This upcoming 2014 NFL season, a wide variety of relatively unheralded sophomore and third-year players will inherit or take over key roles for even the best teams in the NFL. Whether it's an already established starter who will now be assuming more responsibility, or a green, untested player who will now look to become a reliable backup, every roster depth chart has a few big question marks.
In this series, I've been breaking down "who" I think those players are, "where" they play, "why" they'll potentially play a key role in 2014 and "how" they'll succeed in that.
On tap today, we have the New Orleans Saints.
Who: Vaccaro was the Saints' first-round pick out of Texas in 2013. He went 15th overall. He started 14 games his rookie season for New Orleans and racked up 79 tackles, 8 passes defensed, and 1 interception. He unfortunately broke his ankle in Week 15 which kept him off the field for the rest of the season and the Playoffs.
Where: Vaccaro returns in 2014 and will play alongside Jarius Byrd in the defensive backfield. Along with the Seahawks' Earl Thomas and Kam Chancellor, this has potential to be one of the elite safety combinations in the NFL.
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Why: Vaccaro finished third in Defensive Rookie of the Year voting last year and when paired with Byrd, should be a nice joker type of player for Rob Ryan to move around on defense. He has speed, athleticism, and good instincts, and can be used to matchup with receivers, tight ends, and running backs. He gives the Saints a lot of options for multiple schemes.
How: With an NFL offseason under his belt, an offseason of training and watching more tape, Vaccaro's understanding of the game and thus his anticipation is sure to improve. How much? "A ton," Saints Head Coach Sean Payton said recently. "From an Xs and Os [standpoint], he's really football savvy. He's really sharp. He has good instincts. He's powerful. We have seen a big skip from Year 1 to Year 2. And he was playing at an awfully high level when he got injured last year (in Week 16). His offseason's been fantastic. He's moving around and carrying himself like a veteran."
RB Khiry Robinson
Who: Robinson was an undrafted free agent out of West Texas A&M that broke onto the Saints' roster after trying out post-Draft. The 6'0, 220-pound running back carried the ball 54 times for 224 yards and a touchdown.
Where: Robinson has gotten a lot of hype lately as a guy that could potentially develop into the #1 back for the Saints this season, and he's currently splitting snaps at that spot with Mark Ingram.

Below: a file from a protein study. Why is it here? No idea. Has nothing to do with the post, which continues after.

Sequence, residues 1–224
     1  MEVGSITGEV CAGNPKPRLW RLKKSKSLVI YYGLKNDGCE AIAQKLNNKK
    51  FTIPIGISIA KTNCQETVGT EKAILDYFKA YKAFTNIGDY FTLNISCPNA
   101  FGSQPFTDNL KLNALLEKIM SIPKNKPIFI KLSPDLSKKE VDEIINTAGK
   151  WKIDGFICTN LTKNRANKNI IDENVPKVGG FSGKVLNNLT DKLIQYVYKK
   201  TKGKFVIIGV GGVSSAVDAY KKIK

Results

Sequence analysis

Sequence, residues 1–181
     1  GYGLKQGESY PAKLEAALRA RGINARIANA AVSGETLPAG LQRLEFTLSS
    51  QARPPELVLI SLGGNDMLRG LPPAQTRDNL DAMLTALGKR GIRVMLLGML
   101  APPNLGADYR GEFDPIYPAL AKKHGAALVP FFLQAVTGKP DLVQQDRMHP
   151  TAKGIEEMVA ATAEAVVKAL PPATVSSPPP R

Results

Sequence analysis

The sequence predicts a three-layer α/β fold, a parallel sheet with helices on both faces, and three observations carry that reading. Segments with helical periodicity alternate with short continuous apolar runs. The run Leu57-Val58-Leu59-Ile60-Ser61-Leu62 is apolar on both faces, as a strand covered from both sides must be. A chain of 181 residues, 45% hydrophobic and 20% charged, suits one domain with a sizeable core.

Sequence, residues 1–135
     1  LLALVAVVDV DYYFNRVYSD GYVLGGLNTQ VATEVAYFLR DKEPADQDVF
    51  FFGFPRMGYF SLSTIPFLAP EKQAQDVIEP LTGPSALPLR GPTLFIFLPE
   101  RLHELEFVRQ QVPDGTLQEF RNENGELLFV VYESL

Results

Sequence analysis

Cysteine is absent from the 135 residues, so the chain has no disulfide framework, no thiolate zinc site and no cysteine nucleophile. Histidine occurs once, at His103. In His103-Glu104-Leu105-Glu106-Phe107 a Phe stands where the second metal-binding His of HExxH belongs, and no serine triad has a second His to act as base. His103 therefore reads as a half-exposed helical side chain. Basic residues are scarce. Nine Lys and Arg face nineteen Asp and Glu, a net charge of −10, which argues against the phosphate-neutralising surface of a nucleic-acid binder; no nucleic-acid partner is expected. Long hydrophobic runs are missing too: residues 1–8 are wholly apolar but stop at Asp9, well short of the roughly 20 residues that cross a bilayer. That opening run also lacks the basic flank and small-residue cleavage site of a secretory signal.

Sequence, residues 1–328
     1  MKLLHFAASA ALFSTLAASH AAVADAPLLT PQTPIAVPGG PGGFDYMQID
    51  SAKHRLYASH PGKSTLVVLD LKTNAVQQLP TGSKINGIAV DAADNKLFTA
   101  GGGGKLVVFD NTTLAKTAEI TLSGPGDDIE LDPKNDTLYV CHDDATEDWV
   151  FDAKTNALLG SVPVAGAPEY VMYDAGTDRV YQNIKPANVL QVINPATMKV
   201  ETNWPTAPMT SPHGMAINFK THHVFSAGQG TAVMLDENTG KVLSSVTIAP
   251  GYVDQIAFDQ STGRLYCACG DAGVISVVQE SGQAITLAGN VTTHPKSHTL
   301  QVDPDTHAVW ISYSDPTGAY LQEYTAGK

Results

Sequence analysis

Why: Pierre Thomas is now 30-years-old and Darren Sproles was recently released, so there's opportunity for carries in New Orleans' high-volume offense. Robinson packs a punch at 220 pounds but does a nice job of getting upfield with decisiveness.
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How: Two things that Robinson must prove he's capable of doing -- pass protection, and being a factor in the pass game. Khiry did not catch a pass last season so his ability there is a bit of a question mark, and obviously protecting Drew Brees is a top priority.
WR Kenny Stills
Who: Stills was a fifth-round pick out of Oklahoma by the Saints in 2013. He caught 32 passes for 641 yards and five touchdowns and his speciality was most definitely the deep pass. His per catch average of 20 yards best in the NFL.
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Where: With the addition of Brandin Cooks to ostensibly take the Darren Sproles role as a space player underneath, my guess is that Stills' role as a deep threat will remain similar to last season, and he'll continue to run sideline routes for Drew Brees.
Why: Stills will compete for a role as the No. 2 receiver behind Marques Colston, but will have to beat out Robert Meachem for targets. However, with the departure of Lance Moore, Stills will have a chance to really separate himself as one of Brees' top targets.
How: Stills has proven that he can be a deep threat but he'll need to round out his game a little more as an all around receiver.
LT Terron Armstead
Who: Armstead was a third-round pick out of Arkansas Pine-Bluff, and came out of obscurity to become that high of a pick after he tore up the NFL Combine, particularly the 40 yard dash. He came on late in his rookie season to earn the ever-important starting left tackle position in Week 16, and played there for the Saints through the playoffs.
Where: Left tackle
Why: Armstead impressed in his limited action and comes in as the presumptive long-term answer there for the Saints. That's a big find in the third round if he pans out.
How: Keep getting stronger, keep developing understanding of footwork and hand use.